Secretary of State Mike Pompeo allegedly gave private warnings to Iraqi officials to pass on to Iranian leaders, saying that any attacks resulting in the deaths of U.S. troops would trigger military action from the U.S. Pompeo, who visited the Iraqi capital of Baghdad in May, warned that a single American fatality at the hands of Tehran or any Iranian proxies would prompt a U.S. response. The alleged warnings come as tensions continue to mount between the U.S. and Iran, with the U.S. accusing Iran of leading an attack on oil tankers in the Gulf of Oman last week. Iran announced on Monday its intent to violate the 2015 nuclear deal by increasing its stockpile of low-enriched uranium. Despite the Pentagon's recently-announced deployment of 1,000 additional troops to the Middle East, Pompeo said President Trump "does not want war," and the U.S. is in the region to "deter aggression." [The Washington Post, Politico]

4.

Feds seize up to $1 billion worth of cocaine in Philadelphia

Federal authorities seized 33,000 pounds of cocaine valued at $1 billion on Tuesday from a ship docked at a port in Philadelphia. Two members of the ship's crew were arrested following the discovery and could face federal charges. The MSC Gayane made stops in the Bahamas, Panama, Peru, and Colombia before arriving at Philly's Packer Marine Terminal on Monday morning, and authorities believe the cocaine was loaded onto the ship at some point during its voyage. MSC Mediterranean Shipping Co., which owns the MSC Gayane, said in a statement it "takes this matter very seriously and is grateful to the authorities for identifying any suspected abuse of its services." Authorities are heralding the drug bust as the third-largest in U.S. history. [The Associated Press, CBS News]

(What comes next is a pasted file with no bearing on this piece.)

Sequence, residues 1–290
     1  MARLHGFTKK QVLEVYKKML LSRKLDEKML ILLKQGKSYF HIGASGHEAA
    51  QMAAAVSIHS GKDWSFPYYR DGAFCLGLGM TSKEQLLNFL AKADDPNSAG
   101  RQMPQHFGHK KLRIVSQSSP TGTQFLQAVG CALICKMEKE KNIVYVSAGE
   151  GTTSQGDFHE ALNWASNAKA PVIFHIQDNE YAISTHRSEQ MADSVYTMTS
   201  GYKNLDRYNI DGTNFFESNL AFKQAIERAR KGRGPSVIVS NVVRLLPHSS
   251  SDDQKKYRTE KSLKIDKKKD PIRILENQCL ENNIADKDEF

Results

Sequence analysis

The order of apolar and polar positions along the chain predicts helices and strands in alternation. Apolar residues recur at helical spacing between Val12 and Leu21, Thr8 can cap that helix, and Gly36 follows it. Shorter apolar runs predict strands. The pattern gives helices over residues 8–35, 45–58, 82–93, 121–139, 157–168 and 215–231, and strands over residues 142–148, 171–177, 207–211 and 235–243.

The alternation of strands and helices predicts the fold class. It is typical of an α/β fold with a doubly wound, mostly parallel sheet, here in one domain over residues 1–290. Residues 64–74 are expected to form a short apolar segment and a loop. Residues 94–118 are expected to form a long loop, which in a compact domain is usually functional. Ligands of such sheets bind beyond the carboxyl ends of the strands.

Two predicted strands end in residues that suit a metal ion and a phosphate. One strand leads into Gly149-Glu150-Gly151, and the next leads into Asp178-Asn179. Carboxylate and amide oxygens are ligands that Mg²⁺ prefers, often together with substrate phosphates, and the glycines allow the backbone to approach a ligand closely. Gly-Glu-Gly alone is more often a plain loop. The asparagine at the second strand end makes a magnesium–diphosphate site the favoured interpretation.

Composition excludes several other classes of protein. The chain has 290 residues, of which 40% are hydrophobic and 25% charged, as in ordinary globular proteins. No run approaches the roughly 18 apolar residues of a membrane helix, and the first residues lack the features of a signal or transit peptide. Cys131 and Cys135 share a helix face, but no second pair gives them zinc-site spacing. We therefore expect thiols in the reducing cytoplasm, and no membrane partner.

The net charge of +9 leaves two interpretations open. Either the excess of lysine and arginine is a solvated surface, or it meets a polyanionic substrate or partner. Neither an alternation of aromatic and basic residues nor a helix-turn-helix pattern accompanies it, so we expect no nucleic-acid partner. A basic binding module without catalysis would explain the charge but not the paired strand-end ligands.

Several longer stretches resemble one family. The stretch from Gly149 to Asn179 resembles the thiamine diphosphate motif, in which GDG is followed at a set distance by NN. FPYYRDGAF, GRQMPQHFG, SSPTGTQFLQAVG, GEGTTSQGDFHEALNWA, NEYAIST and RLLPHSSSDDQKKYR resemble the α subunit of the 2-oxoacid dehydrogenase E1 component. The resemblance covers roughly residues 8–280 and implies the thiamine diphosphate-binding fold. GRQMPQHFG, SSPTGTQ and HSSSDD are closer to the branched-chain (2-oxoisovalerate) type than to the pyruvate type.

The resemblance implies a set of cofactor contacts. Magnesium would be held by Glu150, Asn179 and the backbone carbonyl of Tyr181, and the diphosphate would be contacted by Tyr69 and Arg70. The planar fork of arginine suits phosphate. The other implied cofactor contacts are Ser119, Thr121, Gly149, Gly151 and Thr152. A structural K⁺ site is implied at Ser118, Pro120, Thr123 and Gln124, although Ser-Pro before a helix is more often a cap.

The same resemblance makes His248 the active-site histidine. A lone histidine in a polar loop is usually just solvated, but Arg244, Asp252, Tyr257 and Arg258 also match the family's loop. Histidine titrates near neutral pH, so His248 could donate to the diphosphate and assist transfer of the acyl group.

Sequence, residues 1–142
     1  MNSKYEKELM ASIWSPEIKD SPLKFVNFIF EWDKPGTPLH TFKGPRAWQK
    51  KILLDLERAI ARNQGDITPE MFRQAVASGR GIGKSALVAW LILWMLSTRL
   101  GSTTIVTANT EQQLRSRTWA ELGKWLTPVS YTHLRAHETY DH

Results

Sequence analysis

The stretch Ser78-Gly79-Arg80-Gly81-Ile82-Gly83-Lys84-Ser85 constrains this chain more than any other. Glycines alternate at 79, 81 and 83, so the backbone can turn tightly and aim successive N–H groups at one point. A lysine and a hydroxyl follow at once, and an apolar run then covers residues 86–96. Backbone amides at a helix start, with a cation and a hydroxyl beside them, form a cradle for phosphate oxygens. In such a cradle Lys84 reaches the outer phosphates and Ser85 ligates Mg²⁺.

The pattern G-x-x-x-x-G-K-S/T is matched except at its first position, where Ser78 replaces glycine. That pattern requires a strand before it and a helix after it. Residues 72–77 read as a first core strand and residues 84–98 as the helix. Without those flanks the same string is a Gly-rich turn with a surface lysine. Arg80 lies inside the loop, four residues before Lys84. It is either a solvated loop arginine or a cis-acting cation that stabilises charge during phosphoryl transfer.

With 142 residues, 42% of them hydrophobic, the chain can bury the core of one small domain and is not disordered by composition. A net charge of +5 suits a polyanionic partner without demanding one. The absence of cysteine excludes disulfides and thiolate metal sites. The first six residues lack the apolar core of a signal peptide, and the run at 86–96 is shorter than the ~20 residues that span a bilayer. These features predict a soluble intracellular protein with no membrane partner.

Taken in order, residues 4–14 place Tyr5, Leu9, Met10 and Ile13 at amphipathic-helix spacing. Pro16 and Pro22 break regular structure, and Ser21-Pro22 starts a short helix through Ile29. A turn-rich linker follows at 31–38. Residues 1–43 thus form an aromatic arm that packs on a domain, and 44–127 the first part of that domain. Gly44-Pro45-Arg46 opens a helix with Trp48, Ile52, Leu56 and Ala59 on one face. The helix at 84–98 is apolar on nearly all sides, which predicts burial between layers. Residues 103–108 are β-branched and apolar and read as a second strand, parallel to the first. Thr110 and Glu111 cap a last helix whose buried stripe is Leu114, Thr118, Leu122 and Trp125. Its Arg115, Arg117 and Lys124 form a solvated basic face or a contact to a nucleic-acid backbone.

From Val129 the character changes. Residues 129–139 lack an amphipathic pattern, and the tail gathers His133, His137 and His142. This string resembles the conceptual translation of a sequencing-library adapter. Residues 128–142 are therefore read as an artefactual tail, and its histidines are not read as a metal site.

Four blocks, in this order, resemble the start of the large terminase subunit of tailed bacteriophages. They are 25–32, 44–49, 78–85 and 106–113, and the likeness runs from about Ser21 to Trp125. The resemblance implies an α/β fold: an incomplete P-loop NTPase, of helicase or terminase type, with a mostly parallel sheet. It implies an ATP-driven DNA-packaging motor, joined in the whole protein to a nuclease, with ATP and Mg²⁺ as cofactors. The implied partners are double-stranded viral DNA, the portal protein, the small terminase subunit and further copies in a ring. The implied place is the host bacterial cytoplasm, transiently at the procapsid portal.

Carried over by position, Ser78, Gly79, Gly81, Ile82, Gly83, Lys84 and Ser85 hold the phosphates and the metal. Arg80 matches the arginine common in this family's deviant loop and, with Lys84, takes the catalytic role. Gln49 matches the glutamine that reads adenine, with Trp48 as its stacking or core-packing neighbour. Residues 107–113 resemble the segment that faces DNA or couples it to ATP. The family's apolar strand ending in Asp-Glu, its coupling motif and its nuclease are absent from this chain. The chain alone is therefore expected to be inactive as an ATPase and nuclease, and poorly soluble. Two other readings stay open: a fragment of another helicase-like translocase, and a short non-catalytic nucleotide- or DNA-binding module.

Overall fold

5.

Bipartisan group of lawmakers raise concerns over Middle East deployments

Sens. Mike Lee (R-Utah) and Tim Kaine (D-Va.) joined together to voice concerns over President Trump's recent decision to deploy 1,000 U.S. troops to the Middle East, co-signing a letter to Trump alongside a bipartisan group of senators. The lawmakers posed several questions in their letter to Trump, asking where the forces will be located, what their mission is, and whether they will be applying pressure on Iran. The senators also reminded Trump of Congress possessing the exclusive power to declare war, a right guaranteed by the Constitution, and said it is "critical" for Congress to "fully retain and enforce this authority." Sens. Jeff Merkley (D-Ore.), Bernie Sanders (I-Vt.), Chris Murphy (D-Conn.), and Rand Paul (R-Ky.) also signed the letter. [Tim Kaine, Politico]